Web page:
@param {HTML} title Title to set.

Get feedback early and often

  • An API review validates your initial approach
  • A design review validates your high-level architecture
  • A code review validates your implementation details
  • A Preview Release gets you community feedback of working code in real-world situations

Documentation is just as important as code

  • API docs
  • Examples
  • User guides
  • In-line code comments

Automate your tests

  • Unit
  • Functional
  • Performance

A Note About Lint

Please read:

We reserve the right to one day fail builds on lint errors.

Release Process

At the end of Code Freeze day (11:59 PM in Sunnyvale), development branches dev-master and dev-3.x will be frozen so we can make the determination on whether to cut a 3.CURRENT.NEXT release or a 3.NEXT release. A release branch will be created off the chosen development branch in preparation for release, and then all development branches will be unfrozen for continued development.

Note: for releases intended to test a certain feature or solicit feedback, they will be labeled "beta". This replaces the old "pr" naming strategy. For example 3.13.0-beta-1. For releases intended to be a final candidate, they are labeled using "rc". For example 3.13.0-rc-1.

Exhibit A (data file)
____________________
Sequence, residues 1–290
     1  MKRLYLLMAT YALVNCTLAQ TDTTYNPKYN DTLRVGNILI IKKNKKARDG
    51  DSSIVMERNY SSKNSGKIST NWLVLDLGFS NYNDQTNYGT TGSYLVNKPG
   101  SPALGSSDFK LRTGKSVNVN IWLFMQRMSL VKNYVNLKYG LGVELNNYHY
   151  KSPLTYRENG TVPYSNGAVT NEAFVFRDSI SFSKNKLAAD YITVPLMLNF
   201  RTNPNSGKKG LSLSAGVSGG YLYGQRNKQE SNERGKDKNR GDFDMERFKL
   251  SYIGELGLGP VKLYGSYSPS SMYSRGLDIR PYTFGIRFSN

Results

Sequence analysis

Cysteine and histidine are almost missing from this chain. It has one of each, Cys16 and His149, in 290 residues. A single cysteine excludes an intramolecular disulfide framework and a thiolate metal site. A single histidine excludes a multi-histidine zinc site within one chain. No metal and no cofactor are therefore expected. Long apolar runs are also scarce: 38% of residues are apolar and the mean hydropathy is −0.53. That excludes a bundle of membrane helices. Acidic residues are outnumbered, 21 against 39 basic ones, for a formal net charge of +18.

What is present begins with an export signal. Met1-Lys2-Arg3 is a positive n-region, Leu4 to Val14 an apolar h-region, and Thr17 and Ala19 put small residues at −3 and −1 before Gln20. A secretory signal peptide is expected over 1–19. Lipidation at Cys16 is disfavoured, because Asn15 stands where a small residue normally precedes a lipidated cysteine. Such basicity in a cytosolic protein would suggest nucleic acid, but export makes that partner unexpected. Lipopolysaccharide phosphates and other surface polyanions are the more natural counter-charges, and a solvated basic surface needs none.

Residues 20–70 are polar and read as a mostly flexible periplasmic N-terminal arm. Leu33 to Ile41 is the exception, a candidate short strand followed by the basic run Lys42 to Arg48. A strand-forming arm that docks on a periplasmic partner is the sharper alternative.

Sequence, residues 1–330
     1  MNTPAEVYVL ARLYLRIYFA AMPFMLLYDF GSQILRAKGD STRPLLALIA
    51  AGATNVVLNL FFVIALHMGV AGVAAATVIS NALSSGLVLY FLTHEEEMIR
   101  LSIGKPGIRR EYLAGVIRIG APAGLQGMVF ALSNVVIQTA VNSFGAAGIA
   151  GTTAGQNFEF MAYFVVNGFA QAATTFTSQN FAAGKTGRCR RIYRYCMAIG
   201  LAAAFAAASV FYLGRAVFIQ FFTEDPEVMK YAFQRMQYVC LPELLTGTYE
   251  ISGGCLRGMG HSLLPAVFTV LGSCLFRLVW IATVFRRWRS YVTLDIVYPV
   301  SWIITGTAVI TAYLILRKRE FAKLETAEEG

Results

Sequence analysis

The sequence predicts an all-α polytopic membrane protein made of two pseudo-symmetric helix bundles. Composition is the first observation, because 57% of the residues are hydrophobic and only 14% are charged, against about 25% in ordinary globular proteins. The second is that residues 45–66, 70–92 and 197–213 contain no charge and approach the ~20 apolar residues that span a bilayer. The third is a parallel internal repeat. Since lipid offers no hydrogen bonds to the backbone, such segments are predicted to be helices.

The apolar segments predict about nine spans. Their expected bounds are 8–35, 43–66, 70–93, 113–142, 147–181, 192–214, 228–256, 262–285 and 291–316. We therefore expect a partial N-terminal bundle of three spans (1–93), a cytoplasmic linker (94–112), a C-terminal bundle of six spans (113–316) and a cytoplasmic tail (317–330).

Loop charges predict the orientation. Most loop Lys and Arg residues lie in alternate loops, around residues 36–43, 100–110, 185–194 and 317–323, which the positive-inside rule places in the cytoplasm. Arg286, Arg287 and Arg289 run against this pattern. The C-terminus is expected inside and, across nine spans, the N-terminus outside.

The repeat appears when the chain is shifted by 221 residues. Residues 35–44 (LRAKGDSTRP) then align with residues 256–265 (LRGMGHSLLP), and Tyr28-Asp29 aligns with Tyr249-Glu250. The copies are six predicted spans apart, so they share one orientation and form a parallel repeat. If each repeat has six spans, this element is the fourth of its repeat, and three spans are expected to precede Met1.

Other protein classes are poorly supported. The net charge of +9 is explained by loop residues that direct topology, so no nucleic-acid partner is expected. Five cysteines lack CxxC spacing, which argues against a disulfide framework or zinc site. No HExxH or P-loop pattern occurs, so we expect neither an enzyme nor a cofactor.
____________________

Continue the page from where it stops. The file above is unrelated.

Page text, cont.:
Important Milestones

Pull Request Milestones

Per our Contributor Model, pull requests require a 72-hour window for feedback. Please submit your pull request with enough time for this window, if you are trying to meet one of the milestones described below.

Code Freeze

All source code changes for a release should be merged to the dev-master and dev-3.x development branches by Code Freeze, including new features, new APIs, deprecations, and bug fixes. This is in order to ensure enough time for thorough testing across all our target environments and community feedback before release.

Upon Code Freeze, dev-master and dev-3.x branches will be frozen for a short period so we can create a short-lived release branch (release-3.x.x) in preparation for release. After the release branch is created, development branches will re-open for continuous development. Between Code Freeze and Commit Freeze, only documentation updates, test updates, and explicitly identified release blockers fixes are acceptable in a release branch.

Commit Freeze

No repo changes of any kind are permitted after Commit Freeze to the release branch created at Code Freeze (release-3.x.x) without explicit discussion and approval. This is to prevent churn in our CI system that delays releases. Please make sure all code changes and test, documentation, and updates happen in the release branch before Commit Freeze.

Development branches will remain open for continuous development.

License Updates

Any submission that uses open source code from another project must be explicitly called out and is subject to review.

Right to Revert

Once the contribution has been merged into the repo, if any issues arise in the integration environment or upon subsequent feedback, the contribution may be reverted.